Location: Cotton Ginning ResearchTitle: Co-digestion of agricultural and municipal waste to produce energy and soil amendment
|MACIAS-CORRAL, MARITZA - New Mexico State University|
|SAMANI, ZOHRAB - New Mexico State University|
|HANSON, ADRIAN - New Mexico State University|
Submitted to: Waste Management and Research
Publication Type: Peer Reviewed Journal
Publication Acceptance Date: 5/8/2017
Publication Date: 7/12/2017
Citation: Macias-Corral, M.A., Samani, Z.T., Hanson, A.T., Funk, P.A. 2017. Co-digestion of agricultural and municipal waste to produce energy and soil amendment. Waste Management and Research. 35(9):991-996. https://doi.org/10.1177/0734242X17715097.
Interpretive Summary: In the past, the economic viability of anaerobic digestion has been limited by process instability and low methane yield. Yet disposing of agricultural wastes is increasingly important due to economy-of-scale concentration of processing and production. Urban agriculture also produces waste that is no longer are welcome by landfill operators. Combining cotton gin trash and dairy manure with grass clippings from a golf course created a favorable ratio of carbon to nitrogen; anaerobically fermenting the mixture in a two-phase system improved process stability and increased gas yield and energy value. Multi-substrate co-digestion produced gas containing 70.5% CH4, yielded 68 m3 CH4/t dry waste and reduced volume 75% and mass 57%. Nutrients were concentrated during the process, resulting in a soil amendment that was high in fertilizer value and relatively free from pathogens.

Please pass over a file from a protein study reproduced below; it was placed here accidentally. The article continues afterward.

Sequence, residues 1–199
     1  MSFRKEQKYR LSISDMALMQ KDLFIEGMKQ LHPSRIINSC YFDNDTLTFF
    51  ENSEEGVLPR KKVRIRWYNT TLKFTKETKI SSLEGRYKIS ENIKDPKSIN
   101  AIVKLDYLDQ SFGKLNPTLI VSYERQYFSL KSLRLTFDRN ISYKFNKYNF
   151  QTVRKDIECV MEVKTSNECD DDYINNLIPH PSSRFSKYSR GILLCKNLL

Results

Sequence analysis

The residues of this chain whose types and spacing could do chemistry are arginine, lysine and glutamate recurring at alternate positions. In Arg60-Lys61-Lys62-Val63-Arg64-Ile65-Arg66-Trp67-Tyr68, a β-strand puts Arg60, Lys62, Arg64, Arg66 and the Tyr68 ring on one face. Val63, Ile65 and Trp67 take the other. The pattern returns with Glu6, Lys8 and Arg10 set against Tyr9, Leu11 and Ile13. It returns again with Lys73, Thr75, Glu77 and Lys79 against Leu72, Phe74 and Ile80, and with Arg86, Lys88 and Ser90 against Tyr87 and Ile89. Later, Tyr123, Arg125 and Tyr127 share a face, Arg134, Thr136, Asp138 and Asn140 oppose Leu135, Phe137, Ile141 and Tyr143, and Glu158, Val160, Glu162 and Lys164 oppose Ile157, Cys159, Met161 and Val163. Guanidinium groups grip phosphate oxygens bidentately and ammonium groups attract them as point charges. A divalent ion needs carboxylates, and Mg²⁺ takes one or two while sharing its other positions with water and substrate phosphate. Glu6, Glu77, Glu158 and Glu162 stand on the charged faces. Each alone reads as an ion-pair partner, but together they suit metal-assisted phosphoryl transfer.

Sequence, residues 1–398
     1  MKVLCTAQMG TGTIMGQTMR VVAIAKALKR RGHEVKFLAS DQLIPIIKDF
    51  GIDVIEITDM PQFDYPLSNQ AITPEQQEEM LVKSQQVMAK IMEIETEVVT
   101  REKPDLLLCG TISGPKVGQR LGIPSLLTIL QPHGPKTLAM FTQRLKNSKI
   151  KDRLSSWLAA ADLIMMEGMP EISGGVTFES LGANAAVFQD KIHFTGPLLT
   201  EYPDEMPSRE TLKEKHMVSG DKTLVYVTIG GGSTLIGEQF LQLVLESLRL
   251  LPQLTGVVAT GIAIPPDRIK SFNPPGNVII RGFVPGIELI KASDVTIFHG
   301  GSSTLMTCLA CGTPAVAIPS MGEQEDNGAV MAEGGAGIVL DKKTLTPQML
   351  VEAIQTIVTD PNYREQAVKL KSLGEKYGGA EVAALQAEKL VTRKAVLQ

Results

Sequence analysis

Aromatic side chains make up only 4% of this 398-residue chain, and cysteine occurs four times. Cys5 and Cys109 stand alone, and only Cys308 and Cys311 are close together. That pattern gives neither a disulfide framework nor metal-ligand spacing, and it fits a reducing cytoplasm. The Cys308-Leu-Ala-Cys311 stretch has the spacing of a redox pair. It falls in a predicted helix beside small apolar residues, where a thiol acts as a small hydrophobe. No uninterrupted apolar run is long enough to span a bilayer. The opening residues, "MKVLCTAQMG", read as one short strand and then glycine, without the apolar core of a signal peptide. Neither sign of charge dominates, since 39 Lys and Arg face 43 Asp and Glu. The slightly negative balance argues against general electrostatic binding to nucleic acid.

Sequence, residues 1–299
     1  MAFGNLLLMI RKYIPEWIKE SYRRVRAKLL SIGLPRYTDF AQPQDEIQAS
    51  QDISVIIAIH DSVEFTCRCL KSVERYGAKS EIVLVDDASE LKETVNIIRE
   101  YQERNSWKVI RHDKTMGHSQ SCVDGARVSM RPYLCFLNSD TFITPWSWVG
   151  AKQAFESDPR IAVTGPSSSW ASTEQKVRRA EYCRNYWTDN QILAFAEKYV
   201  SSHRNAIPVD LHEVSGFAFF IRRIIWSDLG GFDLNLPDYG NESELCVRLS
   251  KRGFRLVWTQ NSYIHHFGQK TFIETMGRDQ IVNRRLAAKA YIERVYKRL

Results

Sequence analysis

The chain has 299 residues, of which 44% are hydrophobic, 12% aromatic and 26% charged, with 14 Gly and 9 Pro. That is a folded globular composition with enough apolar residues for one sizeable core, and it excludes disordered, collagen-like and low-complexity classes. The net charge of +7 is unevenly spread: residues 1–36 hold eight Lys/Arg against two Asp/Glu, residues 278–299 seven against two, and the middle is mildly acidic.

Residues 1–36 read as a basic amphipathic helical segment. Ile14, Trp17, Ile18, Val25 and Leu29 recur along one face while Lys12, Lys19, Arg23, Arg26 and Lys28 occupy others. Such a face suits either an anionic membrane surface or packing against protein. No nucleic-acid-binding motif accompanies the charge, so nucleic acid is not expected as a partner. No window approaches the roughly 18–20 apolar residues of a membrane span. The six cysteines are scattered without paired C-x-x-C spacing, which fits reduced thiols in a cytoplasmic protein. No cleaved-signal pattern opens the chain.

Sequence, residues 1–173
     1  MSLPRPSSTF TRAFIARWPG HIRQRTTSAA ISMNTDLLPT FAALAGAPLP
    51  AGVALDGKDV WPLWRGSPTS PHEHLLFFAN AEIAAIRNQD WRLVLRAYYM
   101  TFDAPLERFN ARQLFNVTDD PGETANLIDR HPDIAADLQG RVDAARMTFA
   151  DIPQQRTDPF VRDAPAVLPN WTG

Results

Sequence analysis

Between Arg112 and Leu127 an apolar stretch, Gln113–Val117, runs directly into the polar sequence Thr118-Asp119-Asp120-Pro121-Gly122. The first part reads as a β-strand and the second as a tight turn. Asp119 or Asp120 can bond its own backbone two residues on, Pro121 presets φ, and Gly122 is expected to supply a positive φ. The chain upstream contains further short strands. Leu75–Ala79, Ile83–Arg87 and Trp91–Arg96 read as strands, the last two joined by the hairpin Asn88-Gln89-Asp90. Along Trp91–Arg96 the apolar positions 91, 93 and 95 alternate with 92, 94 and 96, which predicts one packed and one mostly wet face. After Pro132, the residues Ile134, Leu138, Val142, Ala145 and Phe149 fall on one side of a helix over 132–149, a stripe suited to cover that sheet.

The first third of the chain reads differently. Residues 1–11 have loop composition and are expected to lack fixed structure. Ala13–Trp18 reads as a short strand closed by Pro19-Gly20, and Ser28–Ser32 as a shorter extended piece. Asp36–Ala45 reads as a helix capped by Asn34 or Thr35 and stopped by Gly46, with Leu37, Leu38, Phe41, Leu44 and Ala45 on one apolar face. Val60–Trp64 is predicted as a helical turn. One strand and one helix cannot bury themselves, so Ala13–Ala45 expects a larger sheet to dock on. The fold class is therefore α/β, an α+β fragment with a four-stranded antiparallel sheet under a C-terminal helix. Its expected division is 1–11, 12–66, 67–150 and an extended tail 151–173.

Technical Abstract: In agriculture, manure and cotton gin waste are major environmental liabilities. Likewise, grass is an important organic component of municipal waste. These wastes were combined and used as substrates in a two-phase, pilot-scale anaerobic digester to evaluate the potential for biogas (methane) production, waste minimisation, and the digestate value as soil amendment. The anaerobic digestion process did not show signs of inhibition. Biogas production increased during the first 2'weeks of operation, when chemical oxygen demand and volatile fatty acid concentrations and the organic loading rate to the system were high. Chemical oxygen demand from the anaerobic columns remained relatively steady after the first week of operation, even at high organic loading rates. The experiment lasted about 1'month and produced 96.5'm3 of biogas (68'm3 of CH4) per tonne of waste. In terms of chemical oxygen demand to methane conversion efficiency, the system generated 62% of the theoretical methane production; the chemical oxygen demand/volatile solids degradation rate was 62%, compared with the theoretical 66%. The results showed that co-digestion and subsequent digestate composting resulted in about 60% and 75% mass and volume reductions, respectively. Digestate analysis showed that it can be used as a high nutrient content soil amendment. The digestate met Class A faecal coliform standards (highest quality) established in the United States for biosolids. Digestion and subsequent composting concentrated the digestate nitrogen, phosphorus, and potassium content by 37%, 24%, and 317%, respectively. Multi-substrate co-digestion is a practical alternative for agricultural waste management, minimisation of landfill disposal, and it also results in the production of valuable products.